A proposed scheme to tackle bed shortages in British hospitals has sparked a rash of criticism. This privately-run project, being piloted in Essex by the company CareRooms, places patients who are recovering from surgery away from hospital and into the homes of members of the public.
CareRooms was quickly branded “Airbnb NHS” and lambasted by some in the media, medics and politicians from across the spectrum, for a lack of concern about patient safety. This is of crucial importance. What attracted less commentary, however, is that the scheme is also hugely exploitative, relying on the re-domestication of care to cheapen the labour of carers.
On the CareRooms website care-providers are described as “hosts” who rent out a spare room or annexe. CareRooms explicitly differentiates “hosts” (defined by their provision of space), from carers regulated by the Care Quality Commission who will be on call to provide care in response to various automated alarms. Further examination, however, blurs this divide.
CareRooms claim that all hosts will receive training and resources “for any scenarios that may arise”. Before being accepted, they will be tested on hygiene, food safety, social care law and mental capacity. Hosts are required to prepare and, presumably, clear away three meals a day, provide non-alcoholic refreshments, and engage in conversation. They are also expected to “meet and greet” as well as “discharge” patients, and most likely welcome visitors too.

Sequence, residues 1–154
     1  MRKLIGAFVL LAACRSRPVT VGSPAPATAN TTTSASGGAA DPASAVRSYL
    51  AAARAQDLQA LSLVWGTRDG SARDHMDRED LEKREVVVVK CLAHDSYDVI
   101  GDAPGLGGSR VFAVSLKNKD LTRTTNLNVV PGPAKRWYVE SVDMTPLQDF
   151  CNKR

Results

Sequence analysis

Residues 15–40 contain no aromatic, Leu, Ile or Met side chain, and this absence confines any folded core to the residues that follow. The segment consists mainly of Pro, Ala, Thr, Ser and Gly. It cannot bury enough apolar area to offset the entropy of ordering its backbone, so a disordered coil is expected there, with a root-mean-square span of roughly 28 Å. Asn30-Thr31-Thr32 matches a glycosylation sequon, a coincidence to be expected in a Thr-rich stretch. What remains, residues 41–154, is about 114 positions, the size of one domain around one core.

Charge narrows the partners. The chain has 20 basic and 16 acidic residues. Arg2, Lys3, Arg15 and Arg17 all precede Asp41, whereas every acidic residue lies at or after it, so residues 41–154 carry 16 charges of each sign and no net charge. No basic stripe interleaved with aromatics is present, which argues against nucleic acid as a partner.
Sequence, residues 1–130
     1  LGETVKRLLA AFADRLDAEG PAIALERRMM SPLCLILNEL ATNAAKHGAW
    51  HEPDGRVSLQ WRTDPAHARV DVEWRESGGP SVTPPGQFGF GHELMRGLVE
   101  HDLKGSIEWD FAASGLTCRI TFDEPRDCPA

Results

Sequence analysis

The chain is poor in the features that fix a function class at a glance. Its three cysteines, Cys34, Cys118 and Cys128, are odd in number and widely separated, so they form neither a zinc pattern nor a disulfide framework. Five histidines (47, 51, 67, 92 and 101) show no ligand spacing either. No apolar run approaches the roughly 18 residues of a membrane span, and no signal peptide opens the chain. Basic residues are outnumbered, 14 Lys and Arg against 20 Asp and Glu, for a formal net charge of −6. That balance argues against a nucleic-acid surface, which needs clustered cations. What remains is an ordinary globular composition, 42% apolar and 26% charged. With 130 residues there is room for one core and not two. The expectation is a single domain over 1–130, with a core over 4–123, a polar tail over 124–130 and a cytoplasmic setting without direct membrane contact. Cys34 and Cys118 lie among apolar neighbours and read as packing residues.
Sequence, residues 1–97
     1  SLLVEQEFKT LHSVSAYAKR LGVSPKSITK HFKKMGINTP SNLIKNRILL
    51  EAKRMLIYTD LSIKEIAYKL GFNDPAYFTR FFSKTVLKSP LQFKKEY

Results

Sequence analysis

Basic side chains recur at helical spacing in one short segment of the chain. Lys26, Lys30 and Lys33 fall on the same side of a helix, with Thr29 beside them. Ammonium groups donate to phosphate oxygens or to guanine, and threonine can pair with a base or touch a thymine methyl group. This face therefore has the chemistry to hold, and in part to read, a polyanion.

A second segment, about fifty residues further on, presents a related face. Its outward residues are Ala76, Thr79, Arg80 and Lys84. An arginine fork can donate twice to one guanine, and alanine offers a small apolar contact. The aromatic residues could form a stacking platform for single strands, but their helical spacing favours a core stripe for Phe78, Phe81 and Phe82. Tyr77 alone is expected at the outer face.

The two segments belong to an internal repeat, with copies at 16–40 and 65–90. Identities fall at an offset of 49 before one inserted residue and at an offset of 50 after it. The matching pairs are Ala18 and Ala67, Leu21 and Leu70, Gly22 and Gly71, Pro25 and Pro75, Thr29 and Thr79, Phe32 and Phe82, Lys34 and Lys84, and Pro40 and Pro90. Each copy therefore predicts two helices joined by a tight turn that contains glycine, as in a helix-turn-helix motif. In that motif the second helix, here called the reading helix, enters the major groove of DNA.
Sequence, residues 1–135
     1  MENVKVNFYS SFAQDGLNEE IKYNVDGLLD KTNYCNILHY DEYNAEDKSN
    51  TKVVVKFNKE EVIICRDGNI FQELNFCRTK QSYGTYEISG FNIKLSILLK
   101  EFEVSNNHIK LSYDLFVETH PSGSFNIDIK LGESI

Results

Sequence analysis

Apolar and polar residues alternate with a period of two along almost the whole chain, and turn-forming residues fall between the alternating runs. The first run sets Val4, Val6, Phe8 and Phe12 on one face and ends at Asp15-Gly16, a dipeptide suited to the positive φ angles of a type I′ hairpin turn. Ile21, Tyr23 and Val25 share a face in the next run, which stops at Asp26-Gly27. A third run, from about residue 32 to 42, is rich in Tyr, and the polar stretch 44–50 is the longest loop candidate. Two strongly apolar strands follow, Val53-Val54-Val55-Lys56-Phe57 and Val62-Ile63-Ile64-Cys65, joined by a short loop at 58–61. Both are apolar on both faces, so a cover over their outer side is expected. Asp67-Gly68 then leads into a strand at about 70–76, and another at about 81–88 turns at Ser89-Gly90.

In addition, there is the cleaning required before and during a stay, to say nothing of help with toileting. The CareRooms website says nothing about this, yet it seems unlikely that an external carer will arrive on the doorstep every time nature calls.
CareRooms presents hosting as “a perfect way to meet others from the area” and characterises the role as being “as simple as providing a cup of tea and some company”. Clearly though, being a host involves considerable work. Importantly, this work is likely to be required across most of the day (and night), even if only sporadically. The £50 room payment does not even cover seven hours at minimum wage.
Care is expensive to provide and difficult to make cheaper. This is partly because of the unpredictability of the biological and social times when we need care. Put simply, to pay for care sufficient to cover the times that it might be needed requires that often carers are employed but not working. At other times there may still be too few carers for the tasks at hand (for instance at breakfast when everyone needs feeding).
Organising care in a capitalist labour market is tricky because labour is typically employed in time-blocks. CareRooms would circumvent this constraint by placing care work in a domestic setting. This obscures the labour involved and redesignates tasks as an extension of familial, and especially women’s, “natural” domestic labour.